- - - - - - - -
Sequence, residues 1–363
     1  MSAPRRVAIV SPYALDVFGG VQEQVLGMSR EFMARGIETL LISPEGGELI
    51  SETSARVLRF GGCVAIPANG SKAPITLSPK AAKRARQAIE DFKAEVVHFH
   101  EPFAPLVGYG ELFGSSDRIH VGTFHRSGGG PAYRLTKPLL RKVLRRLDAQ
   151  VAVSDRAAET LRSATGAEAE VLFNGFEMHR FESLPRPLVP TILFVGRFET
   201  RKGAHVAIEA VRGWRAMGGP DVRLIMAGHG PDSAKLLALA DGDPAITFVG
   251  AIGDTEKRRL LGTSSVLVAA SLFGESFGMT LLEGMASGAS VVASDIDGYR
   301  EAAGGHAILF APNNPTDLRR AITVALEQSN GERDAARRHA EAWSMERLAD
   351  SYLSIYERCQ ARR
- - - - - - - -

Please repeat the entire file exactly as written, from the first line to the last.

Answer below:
Sequence, residues 1–363
     1  MSAPRRVAIV SPYALDVFGG VQEQVLGMSR EFMARGIETL LISPEGGELI
    51  SETSARVLRF GGCVAIPANG SKAPITLSPK AAKRARQAIE DFKAEVVHFH
   101  EPFAPLVGYG ELFGSSDRIH VGTFHRSGGG PAYRLTKPLL RKVLRRLDAQ
   151  VAVSDRAAET LRSATGAEAE VLFNGFEMHR FESLPRPLVP TILFVGRFET
   201  RKGAHVAIEA VRGWRAMGGP DVRLIMAGHG PDSAKLLALA DGDPAITFVG
   251  AIGDTEKRRL LGTSSVLVAA SLFGESFGMT LLEGMASGAS VVASDIDGYR
   301  EAAGGHAILF APNNPTDLRR AITVALEQSN GERDAARRHA EAWSMERLAD
   351  SYLSIYERCQ ARR